Bill Clinton was offered $650K for a speech and two pics with Congo leaders

Apparently the State Department vetoed what has to have been one of the most lucrative offers Bill Clinton received while Hillary was the secretary of state.  Along with a paid speech in North Korea, the Congo offer was more than the Foggy Bottom bureaucrats could stomach.  Richard Miniter reports, and wonders exactly what was being purchased.

Congo, one of the poorest nations on Earth, offered former President Bill Clinton a speaking fee of $650,000–a sum equal to annual per-capita income of 2,813 Congolese. (snip)

What could Congo President Joseph Kabila want? While the possibilities are endless, two seem most likely: he sought U.S. permission to ignore Congo’s constitution and stay in power beyond his two-term limit, which expires in 2016, and he wanted to shield his overseas assets from international investigators.

Bill and Hillary, especially when she was secretary of state, could be helpful on each count, if they wanted to be. Staying in power and keeping billions in shadowy gains would certainly be worth $650,000, if that was the deal that Kabila had in mind.

Kabila is now known to be stashing money overseas:

The twin sister of Congo President Joseph Kabila also appears in the “Panama papers” owning a shell company whose value may exceed $100 million. Kabila’s sister, Jaynet Kyungu, opened the company soon after her brother came to power. The initial directors were listed as Kalume Nyembwe Feruzi and “Ursula Kyungu,” which is a name Jaynet Kyungu sometimes uses in corporate records. Feruzi’s family reportedly have been close to the Kabila family since Laurent Desire Kabila, Joseph Kabila’s and Jaynet Kyungu’s father, was president of the Democratic Republic of the Congo.

The shell company, Keratsu Holding Limited, was incorporated in the tiny South Pacific island country of Niue on June 19, 2001, five months after Joseph Kabila became president.

Nothing at all shady here.

And this does not even consider the other part of the offer.  It was actually sponsored jointly by two nations with Congo in their name: Congo and the Democratic Republic of the Congo, across the Congo River.  Lord only knows what they wanted for their half of the bill.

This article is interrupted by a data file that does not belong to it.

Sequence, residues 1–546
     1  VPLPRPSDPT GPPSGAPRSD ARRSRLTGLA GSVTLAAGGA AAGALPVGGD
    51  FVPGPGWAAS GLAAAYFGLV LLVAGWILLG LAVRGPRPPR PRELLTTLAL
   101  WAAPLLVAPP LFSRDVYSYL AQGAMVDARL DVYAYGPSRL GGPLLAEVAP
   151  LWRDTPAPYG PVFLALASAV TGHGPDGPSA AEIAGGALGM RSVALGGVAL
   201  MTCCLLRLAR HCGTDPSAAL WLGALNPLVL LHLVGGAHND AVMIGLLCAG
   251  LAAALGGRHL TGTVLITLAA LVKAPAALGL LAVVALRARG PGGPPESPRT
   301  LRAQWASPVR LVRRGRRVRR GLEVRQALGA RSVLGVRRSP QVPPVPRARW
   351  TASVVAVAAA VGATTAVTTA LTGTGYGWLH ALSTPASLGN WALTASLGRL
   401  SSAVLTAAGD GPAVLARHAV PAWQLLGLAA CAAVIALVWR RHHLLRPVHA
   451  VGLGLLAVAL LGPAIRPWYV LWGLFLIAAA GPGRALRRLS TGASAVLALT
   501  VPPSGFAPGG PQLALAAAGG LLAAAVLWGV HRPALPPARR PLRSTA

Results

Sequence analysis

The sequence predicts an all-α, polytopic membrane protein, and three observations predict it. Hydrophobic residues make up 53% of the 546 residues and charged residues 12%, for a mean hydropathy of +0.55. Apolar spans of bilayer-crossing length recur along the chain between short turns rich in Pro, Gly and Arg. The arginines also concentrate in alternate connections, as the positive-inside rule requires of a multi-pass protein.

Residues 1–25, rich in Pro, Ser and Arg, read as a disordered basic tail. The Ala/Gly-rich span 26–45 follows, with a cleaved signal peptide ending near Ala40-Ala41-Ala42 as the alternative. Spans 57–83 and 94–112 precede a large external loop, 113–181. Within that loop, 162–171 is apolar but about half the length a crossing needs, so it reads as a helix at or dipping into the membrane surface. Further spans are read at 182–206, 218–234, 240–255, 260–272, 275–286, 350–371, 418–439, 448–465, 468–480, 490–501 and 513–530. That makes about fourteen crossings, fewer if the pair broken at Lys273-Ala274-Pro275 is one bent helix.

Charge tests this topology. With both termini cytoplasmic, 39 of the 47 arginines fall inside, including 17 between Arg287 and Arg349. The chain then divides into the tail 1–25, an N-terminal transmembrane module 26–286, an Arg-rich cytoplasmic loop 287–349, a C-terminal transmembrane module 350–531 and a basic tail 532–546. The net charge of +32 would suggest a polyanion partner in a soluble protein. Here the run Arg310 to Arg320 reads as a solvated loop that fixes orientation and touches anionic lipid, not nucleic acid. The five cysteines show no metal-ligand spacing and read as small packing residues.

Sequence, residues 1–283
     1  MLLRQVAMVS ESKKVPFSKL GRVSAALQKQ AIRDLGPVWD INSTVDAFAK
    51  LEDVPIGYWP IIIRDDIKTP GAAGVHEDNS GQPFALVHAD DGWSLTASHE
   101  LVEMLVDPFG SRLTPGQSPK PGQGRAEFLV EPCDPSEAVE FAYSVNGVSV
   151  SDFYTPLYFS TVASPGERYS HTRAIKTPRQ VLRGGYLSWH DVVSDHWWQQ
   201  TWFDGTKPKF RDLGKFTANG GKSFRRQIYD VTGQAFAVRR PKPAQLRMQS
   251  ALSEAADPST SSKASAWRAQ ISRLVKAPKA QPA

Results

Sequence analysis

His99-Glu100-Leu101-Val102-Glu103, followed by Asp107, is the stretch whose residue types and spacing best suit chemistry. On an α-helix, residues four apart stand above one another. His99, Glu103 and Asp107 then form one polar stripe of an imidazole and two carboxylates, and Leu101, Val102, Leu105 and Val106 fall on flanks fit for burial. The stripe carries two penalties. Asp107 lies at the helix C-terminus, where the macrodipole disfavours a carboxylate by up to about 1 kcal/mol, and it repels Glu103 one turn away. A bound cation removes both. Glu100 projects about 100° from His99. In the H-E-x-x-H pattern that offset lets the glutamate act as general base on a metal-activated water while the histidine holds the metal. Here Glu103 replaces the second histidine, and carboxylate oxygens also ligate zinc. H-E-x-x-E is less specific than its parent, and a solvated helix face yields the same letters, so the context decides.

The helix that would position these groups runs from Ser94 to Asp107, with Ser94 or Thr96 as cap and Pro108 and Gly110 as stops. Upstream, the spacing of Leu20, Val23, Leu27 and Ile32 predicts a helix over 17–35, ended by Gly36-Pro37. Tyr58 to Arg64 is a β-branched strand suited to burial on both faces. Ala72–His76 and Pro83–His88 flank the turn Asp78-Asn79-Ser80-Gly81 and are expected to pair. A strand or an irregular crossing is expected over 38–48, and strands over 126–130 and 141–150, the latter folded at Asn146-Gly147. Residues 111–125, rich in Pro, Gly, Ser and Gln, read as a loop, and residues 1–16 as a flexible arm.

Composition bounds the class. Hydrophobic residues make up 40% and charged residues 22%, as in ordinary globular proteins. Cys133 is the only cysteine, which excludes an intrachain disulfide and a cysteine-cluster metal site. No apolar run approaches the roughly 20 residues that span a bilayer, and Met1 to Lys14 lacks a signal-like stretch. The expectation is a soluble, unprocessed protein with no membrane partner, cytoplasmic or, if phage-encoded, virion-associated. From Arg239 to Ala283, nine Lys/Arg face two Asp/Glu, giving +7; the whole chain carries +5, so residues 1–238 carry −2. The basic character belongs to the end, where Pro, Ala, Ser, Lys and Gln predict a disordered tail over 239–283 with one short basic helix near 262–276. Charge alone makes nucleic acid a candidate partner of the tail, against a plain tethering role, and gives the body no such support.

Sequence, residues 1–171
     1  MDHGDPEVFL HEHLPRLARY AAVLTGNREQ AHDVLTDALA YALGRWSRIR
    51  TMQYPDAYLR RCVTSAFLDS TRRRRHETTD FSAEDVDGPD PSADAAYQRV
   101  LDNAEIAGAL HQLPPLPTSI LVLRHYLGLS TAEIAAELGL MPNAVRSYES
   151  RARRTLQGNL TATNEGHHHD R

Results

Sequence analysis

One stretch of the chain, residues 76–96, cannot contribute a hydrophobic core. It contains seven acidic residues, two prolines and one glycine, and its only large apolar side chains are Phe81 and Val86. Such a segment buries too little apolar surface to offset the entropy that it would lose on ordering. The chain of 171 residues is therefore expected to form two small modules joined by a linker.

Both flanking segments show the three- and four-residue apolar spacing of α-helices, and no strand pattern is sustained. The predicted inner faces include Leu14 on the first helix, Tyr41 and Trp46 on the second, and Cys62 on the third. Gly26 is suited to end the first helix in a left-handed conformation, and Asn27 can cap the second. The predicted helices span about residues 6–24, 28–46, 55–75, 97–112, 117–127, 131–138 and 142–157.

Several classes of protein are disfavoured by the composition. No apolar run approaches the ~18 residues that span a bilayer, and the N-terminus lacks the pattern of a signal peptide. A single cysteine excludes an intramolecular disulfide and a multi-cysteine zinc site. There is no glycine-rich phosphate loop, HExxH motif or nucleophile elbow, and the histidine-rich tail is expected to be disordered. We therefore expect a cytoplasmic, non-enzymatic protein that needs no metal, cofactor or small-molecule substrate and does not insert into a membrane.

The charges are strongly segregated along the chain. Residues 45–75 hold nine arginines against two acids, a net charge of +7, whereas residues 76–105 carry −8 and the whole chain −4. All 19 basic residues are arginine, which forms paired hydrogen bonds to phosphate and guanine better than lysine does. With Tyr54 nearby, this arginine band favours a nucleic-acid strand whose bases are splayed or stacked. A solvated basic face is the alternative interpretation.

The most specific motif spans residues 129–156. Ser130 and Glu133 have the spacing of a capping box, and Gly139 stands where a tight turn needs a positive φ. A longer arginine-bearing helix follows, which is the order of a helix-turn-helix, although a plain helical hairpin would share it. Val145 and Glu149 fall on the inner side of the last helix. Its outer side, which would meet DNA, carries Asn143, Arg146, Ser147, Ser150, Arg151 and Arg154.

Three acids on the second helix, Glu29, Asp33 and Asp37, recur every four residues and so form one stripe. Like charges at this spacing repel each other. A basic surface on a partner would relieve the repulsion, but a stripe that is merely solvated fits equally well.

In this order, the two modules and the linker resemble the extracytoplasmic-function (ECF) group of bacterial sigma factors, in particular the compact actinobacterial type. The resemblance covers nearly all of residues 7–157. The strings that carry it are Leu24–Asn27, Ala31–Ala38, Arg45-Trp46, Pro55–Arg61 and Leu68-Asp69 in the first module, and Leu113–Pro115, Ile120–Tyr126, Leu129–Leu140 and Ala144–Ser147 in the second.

Of course, the money was to paid to the family foundation, which pays the salaries for political aides, charters private jets for travel and five-star hotels for the family, and, cough, does “wonderful work.”

Apparently the State Department vetoed what has to have been one of the most lucrative offers Bill Clinton received while Hillary was the secretary of state.  Along with a paid speech in North Korea, the Congo offer was more than the Foggy Bottom bureaucrats could stomach.  Richard Miniter reports, and wonders exactly what was being purchased.

Congo, one of the poorest nations on Earth, offered former President Bill Clinton a speaking fee of $650,000–a sum equal to annual per-capita income of 2,813 Congolese. (snip)

What could Congo President Joseph Kabila want? While the possibilities are endless, two seem most likely: he sought U.S. permission to ignore Congo’s constitution and stay in power beyond his two-term limit, which expires in 2016, and he wanted to shield his overseas assets from international investigators.

Bill and Hillary, especially when she was secretary of state, could be helpful on each count, if they wanted to be. Staying in power and keeping billions in shadowy gains would certainly be worth $650,000, if that was the deal that Kabila had in mind.

Kabila is now known to be stashing money overseas:

The twin sister of Congo President Joseph Kabila also appears in the “Panama papers” owning a shell company whose value may exceed $100 million. Kabila’s sister, Jaynet Kyungu, opened the company soon after her brother came to power. The initial directors were listed as Kalume Nyembwe Feruzi and “Ursula Kyungu,” which is a name Jaynet Kyungu sometimes uses in corporate records. Feruzi’s family reportedly have been close to the Kabila family since Laurent Desire Kabila, Joseph Kabila’s and Jaynet Kyungu’s father, was president of the Democratic Republic of the Congo.

The shell company, Keratsu Holding Limited, was incorporated in the tiny South Pacific island country of Niue on June 19, 2001, five months after Joseph Kabila became president.

Nothing at all shady here.

And this does not even consider the other part of the offer.  It was actually sponsored jointly by two nations with Congo in their name: Congo and the Democratic Republic of the Congo, across the Congo River.  Lord only knows what they wanted for their half of the bill.

Of course, the money was to paid to the family foundation, which pays the salaries for political aides, charters private jets for travel and five-star hotels for the family, and, cough, does “wonderful work.”